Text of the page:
:f 3C0 :'pt, '} r 1977.

ihl- following Indicates some of thp unusual problems encountered .'-
Srrcedures refquirce in completing the works

1. 'ew dies for the decorative work were made with the use nf
the existing stamryingf after they were removed from the build--
inq, It was required that these existing stamping be built
up and repaired to a certain extent* This work was done with
the use of plaster of parts, hydrocal and bees wax. After the d
dies were made, a 20 ton Hydraulic press was used in lieu rf a
normal punch press operation In order to slow down the forma-
tirn of the sheet metal in an attempt to prevent the tearino ,f
the metal. C~oe tears occurred and were repaired with back-up
solder work. Examination of the original stamped metal work
showed that the manufacturer had the same problem in the pro-
paration of the original work. As an example of the Intrlc;cy
of this work, it took approximately six weeks to make the ,t,.
and strike the pieces for the garlands on the clock and bll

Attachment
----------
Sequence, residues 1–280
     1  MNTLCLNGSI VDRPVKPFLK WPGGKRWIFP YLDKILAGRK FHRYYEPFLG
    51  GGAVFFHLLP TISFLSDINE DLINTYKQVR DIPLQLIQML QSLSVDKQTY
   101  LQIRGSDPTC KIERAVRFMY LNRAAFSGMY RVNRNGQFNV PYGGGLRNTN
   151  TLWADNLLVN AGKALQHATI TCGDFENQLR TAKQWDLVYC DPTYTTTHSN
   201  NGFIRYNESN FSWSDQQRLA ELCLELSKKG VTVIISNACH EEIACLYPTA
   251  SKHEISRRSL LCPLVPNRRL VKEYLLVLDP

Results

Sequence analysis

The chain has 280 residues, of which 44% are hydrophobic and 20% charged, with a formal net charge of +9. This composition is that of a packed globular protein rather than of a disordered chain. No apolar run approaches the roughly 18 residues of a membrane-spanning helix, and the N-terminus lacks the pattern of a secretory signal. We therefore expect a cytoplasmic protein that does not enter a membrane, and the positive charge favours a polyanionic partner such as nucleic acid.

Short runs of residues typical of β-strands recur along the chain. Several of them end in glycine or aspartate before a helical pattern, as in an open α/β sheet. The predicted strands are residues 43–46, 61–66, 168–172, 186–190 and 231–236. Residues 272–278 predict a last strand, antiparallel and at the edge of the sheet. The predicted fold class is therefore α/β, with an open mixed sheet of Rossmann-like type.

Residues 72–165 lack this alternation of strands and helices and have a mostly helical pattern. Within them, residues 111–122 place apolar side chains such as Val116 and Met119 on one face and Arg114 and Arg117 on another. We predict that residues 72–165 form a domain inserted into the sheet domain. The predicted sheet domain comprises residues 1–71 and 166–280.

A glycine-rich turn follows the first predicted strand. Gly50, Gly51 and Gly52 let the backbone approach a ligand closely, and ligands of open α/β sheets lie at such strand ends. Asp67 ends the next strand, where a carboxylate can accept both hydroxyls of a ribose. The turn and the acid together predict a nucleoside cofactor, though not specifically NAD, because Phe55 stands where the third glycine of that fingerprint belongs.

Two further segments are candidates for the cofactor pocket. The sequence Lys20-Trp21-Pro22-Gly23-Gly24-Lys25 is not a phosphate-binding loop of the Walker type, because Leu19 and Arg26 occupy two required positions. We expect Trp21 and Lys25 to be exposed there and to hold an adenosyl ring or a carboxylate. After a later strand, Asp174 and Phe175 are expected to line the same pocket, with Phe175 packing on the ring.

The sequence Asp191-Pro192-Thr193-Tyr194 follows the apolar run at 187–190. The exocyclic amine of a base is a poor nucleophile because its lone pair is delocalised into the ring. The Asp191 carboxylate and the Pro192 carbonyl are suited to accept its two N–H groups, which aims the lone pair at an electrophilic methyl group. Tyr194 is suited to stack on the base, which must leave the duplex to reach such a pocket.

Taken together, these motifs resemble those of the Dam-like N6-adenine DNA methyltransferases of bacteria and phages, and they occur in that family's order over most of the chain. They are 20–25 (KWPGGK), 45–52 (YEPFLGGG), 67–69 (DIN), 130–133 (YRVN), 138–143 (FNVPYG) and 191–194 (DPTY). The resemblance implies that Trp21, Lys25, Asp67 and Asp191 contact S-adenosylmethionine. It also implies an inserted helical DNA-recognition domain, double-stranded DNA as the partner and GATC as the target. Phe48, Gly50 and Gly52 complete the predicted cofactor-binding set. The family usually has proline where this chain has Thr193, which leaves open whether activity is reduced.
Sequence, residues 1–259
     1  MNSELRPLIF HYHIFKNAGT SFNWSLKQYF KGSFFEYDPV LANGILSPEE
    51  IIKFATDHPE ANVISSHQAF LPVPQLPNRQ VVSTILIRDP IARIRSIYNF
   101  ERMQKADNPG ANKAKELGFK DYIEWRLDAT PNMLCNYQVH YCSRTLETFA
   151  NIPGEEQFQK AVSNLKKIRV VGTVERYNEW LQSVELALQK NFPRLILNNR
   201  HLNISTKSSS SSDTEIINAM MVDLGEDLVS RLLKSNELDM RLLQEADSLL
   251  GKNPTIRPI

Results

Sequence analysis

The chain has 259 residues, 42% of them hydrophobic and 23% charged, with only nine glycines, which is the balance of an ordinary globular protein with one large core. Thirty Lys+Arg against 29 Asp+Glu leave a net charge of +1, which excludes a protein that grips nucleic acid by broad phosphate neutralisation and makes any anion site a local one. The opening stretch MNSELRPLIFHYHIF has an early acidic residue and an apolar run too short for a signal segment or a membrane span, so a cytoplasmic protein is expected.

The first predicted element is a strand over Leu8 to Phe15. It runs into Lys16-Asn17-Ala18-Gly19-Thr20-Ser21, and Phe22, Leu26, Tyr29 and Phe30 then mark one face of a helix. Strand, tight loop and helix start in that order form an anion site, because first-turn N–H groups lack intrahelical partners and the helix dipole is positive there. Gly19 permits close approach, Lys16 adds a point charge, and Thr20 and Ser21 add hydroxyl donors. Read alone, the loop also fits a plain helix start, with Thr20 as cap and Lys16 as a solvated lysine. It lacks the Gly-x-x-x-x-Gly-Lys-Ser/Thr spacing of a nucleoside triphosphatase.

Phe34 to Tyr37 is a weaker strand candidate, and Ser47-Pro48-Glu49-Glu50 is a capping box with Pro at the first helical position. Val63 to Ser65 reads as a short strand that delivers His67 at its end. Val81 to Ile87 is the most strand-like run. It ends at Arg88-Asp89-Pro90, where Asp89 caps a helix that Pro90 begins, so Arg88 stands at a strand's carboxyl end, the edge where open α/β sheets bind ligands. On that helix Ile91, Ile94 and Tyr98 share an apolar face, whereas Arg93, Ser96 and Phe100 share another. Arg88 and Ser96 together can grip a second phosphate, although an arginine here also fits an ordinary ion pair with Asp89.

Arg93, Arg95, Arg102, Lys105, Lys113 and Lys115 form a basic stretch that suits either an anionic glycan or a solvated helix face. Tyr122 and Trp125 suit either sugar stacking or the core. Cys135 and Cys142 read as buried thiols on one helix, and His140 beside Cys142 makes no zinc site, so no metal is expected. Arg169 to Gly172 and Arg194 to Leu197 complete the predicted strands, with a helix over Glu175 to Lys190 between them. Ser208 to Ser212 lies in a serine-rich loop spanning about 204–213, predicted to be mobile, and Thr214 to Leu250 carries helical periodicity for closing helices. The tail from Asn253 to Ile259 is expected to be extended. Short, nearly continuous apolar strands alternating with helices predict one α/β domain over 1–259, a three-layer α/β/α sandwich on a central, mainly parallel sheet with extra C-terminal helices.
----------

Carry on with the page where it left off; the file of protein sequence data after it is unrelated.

tower. All of the relief work, such as the garlands, flownTr
and rosettes, were made by the making of dies and stamping -f
the pieces.
'. At the consoles, the forming of the Ogee were very difficult.
They had to be made in several parts in order to match a. r.i:;e
forn of the original piece.
3. The pediments used various, nmrtall., such as zinc, lead and some
copper. The replacement parts were made using the most appro-
priate of the metals. They were formed by hand breaking, which
is the same way the original parts wer made.








D*..'. 14,




4.'


4. Foamelt~n Qf q M csplts we wri.sta idiffatowlt The iozicgtj wa;
gv~*nii~.r~ 1rn, but djl~c the *t.uophgin nd'.*4d ar.%d the
p4POritllas, Wt Ws the detlslon g M't I.t, to so t i
Less %t'l. ACft.* fo ming, it "as buf fd With'the Idea that
It WoMid Stint shiny ad rmIsea Rflective' for the longest pertnid
of. tlle poo.tble 'Th*. Iwnoi n', the spIre bed to be rwzade and
.,,kvlxt!up frpmAth nrigln4l P4,;U4 Tho nedle (or spike) ,was
apprimtht a$..)y.; ~ivfeet higheiod was rolled from 21 inches s at
Sbaetapeod.tp f inch in 4I'oteva at-tbh tapw Am to aravm1,
Ing L It w0 e pe41itlly dkilQ1Pt toke thI%.tv* nd pluand
5.. At the cornice,' dMIR thtft.' wa x*p nofahcEited Itmge ,
-bl, ceponerts had to be hand lade and %*pnd
They W"0t-pop 4vet" ad end ,0Uvedo Th couldn't bdo,
At th.0 t6*a* b,*MW#ee the# Was vat i i.4 w et aC 48ACh part

6. flu h 0 l a ud wlt% 40/60 atolder-
':;3'1(l. ~ rTwwetiyu-ou?? ) gquaqo gaflvantsd stool w&9 use
for` toiiof' ~the parts with rumors, zinc WW lead u5W -in other
portlbaiof 'the `tfl Wgi.
7. As a metter af, -ntatO0t tod 'a Sho* the: Inmqity f C. ti%